‘It’s vital that we increase the skills mix of the workforce if we are to deliver high-quality treatment and recovery systems which reduce harm and help more people to initiate and sustain recovery. OHID has commissioned Health Education England to develop a ten-year workforce strategy that will set out a clear roadmap for the future, including the training of registered professions.’
The government has also commissioned a new drug and alcohol treatment and recovery capability framework, which is due to be published next summer, O’Connor points out. ‘This will be a refreshed drugs and alcohol national occupational standards, reflecting the sector’s current needs. Work will begin soon to scope and develop this framework with the sector.’
Support and development
‘I think we’re in a position where those who want to can seize the ground and make a good job of it,’ says Hager. ‘It’s what’s behind the standard to support commissioners who aren’t experienced, to understand what commissioning is – or could be – the evidence around it and approaches they can take. Those who’ve been around a while know how to navigate that, but we’re a minority.
There needs to be support for commissioners to develop in their role. The standard’s good for that, but it’s about how much people buy into that – how do we develop the learning? In our joint commissioning group we discuss ‘what do we mean by commissioning’, because often what you encounter in local authorities is they just think it’s shopping and procurement. It’s strategic leadership and acting on behalf of the people we represent, making the best use of the resources available. We’re that link. Transforming commissioning isn’t just about transforming procurement – it’s about a learning approach, not a top-down approach.’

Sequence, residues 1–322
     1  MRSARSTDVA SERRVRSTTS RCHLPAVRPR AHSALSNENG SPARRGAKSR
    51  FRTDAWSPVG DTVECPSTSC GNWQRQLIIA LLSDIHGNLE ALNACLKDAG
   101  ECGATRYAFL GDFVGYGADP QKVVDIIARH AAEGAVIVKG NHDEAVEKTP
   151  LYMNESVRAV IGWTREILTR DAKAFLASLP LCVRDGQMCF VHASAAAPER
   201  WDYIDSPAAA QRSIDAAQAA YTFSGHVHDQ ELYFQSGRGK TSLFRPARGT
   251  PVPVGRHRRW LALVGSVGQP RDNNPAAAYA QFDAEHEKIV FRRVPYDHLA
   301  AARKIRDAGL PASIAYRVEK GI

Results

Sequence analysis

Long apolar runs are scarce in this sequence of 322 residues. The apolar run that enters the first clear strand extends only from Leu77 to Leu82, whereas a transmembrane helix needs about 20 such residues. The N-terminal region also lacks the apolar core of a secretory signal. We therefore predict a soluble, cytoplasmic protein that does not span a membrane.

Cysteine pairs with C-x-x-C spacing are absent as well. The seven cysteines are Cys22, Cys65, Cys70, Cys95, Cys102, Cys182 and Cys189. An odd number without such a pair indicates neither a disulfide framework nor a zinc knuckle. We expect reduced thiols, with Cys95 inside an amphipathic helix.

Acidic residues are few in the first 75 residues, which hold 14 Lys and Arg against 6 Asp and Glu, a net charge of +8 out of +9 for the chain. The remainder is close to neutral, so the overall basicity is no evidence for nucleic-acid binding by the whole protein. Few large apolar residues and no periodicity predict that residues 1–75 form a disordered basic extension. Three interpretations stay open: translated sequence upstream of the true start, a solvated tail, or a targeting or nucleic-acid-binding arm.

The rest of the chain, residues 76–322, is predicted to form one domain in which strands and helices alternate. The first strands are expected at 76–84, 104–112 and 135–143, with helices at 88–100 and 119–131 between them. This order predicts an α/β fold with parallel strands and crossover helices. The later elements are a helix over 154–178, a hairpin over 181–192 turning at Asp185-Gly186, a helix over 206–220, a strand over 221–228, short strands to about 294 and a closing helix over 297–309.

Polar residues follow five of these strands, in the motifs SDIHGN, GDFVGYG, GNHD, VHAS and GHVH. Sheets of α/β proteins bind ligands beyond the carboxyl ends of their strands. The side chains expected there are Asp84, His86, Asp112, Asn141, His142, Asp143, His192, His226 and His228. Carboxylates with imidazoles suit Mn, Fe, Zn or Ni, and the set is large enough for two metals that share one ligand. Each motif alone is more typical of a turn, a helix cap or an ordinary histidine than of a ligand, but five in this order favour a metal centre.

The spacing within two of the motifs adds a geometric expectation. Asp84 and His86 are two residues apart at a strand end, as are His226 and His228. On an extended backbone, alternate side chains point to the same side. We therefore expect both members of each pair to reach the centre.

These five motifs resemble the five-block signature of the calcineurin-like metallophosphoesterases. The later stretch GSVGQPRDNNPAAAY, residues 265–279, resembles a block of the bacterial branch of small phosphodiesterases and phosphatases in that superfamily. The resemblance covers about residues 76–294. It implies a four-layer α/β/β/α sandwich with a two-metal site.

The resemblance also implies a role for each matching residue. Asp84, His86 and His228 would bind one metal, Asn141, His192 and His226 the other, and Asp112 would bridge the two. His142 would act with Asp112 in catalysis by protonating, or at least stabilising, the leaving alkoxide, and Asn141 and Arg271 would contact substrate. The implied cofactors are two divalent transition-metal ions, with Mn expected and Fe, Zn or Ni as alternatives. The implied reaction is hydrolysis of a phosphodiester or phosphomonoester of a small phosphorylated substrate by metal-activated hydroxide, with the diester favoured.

‘It’s a really interesting time,’ says Allen, and retaining some of the hybrid models and approaches around staff training and development that developed during the pandemic will be important. ‘That very virtually-based offer – we’ve got really skilled and experienced staff, and we need to make sure those new staff coming in have the opportunity to work alongside and be close to them, and have the combination of face-to-face and different training options.
‘It’s sharing those skills and best practice that’s really going to allow the workforce to develop – a lot of people have worked in this sector for a long time, and we need to value that. We’re going to be having staff coming in with less experience and we need to do as much as possible to wrap around them so they don’t feel overwhelmed by this.
‘I am optimistic and I’m going to remain optimistic,’ she says. ‘I think we also have a huge sense of responsibility. We want to show that this funding works and has impact, and if we want to make the argument for continued investment beyond 2025 we need to deliver on that. We can’t waver on that passion, commitment and enthusiasm – we have to remain committed on that path.’ DDN
We welcome your thoughts, feedback and experiences on commissioning and hope to take the conversation forwards from this series of three articles (Oct, Nov and Dec/Jan issues). Please email the editor.
This series has been produced with support from an educational grant provided by Camurus, which has not influenced the content in any way.